Once a flagship of Estonia's light industry, brand garment maker and seller Baltika was hit so hard in financial crisis at end of last decade that it still staggers to this day. As evidenced by first half year report revealed yesterday, loss amounted to €1.1m.
True: the loss occurred in first quarter of the year while the second one yielded a small profit of €67,000. Last year, however, the second quarter profit amounted to €0.65m.
Since 2008, only two years have proven (slightly) profitable for Baltika, at €0.8m in 2012 and €0.1m last year. As for the other four years, total loss accumulated was €24m. The year at hand looks not too profitable either; rather, they will be in the red again, or barely break even.
Also: almost every year, Baltika has asked investors for extra cash. The company’s last year’s report reveals that this is not planned in 2015.
As explained via press release by the company’s head and majority owner Meelis Milder, Baltika is taking measures to adjust to negative external factors affecting result of 2015: the unfavourably strong dollar vs euro affecting buying-in price, the shrinking retail market caused by condition of Russian economy, the thinning ranks of Finnish and East-European tourists, and spending in the Baltics.
Though the overall retail growth has been considerable, Baltika’s turnover has remained flat for years on end. Second quarter turnover rose by 2 percent to €13.2m, and the first half year’s a meagre percent to €25.5m.
In Estonia, which provided for over third of Baltika’s sales, turnover growth was somewhat better: over the first half of the year, it was up by almost six percent to €9.2m. Meanwhile, competitors Hennes & Mauritz (H&M) and Lithuania’s Apranga showed much more impressive sales growth in Estonia.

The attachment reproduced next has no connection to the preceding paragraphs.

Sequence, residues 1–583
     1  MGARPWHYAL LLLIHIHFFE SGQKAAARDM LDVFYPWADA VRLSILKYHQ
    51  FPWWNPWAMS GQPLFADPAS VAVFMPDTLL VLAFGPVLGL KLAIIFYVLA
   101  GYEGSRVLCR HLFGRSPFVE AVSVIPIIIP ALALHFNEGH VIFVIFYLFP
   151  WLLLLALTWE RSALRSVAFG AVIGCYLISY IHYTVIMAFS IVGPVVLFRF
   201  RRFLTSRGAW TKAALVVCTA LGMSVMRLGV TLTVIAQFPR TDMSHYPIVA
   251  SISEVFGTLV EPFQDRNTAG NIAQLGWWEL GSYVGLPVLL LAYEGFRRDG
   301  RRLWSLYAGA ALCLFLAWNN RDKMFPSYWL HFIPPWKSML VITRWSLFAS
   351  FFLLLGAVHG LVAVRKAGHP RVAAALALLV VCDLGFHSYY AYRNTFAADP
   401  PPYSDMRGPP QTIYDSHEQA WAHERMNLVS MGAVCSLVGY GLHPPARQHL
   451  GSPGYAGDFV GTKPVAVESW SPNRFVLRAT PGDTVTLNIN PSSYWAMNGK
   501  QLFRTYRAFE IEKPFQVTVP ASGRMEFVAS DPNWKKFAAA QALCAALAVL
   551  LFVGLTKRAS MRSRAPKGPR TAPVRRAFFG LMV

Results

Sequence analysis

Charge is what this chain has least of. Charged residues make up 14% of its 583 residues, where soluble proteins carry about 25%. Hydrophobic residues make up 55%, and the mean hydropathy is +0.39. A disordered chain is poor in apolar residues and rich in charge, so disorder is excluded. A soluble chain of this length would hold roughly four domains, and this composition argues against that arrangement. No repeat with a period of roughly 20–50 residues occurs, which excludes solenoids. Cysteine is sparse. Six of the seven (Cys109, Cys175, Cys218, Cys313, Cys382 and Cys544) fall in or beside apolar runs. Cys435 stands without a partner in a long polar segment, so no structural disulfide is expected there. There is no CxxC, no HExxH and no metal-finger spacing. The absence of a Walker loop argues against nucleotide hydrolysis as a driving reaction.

While Baltica refuses to see the Swedish H&M as its rival, it is still interesting to compare the sales results. «The arrival of a strong brand like that will naturally impact retail as a whole, but they are not our direct competitors. Mainly, they compete with cheaper and fast fashion brands, and such as target kids and the youth. A glance at their so-called women’s floor shows that a half of that is goods for children and young people,» Meelis Milder told Postimees a year and half ago.
While Baltika’s sales went up six percent in Estonia, the turnover of H&M in Estonia performed a whopping 45 percent leap to 137 million Swedish kronor i.e. €14.5m. It took less than two years for H&M to blast ahead of Baltica by turnover.
As for the Lithuanian Apranga’s turnover, one to sell garments of their own and according to franchise, their Estonian turnover grew 22.4 percent €12.9m in first half of 2015.
These past years, Baltika has banked on e-commerce, where they invested rather solidly last year. Long-term, this seems to be the way to go while the initial impact on sales is feeble. In second quarter and first half as a whole, it increased three and a half times. Alas, first half year e-sales turnover was under half million euros, a mere two percent of the group’s total.
From the beginning of the year, Baltika’s shares have dropped by a fifth, and by a quarter over a year while stick exchange OMXT index is up 16 and 10 percent respectively. Also, Baltika is among the few listed which pays no dividends to shareholders nor is it probably planning to, in foreseeable future.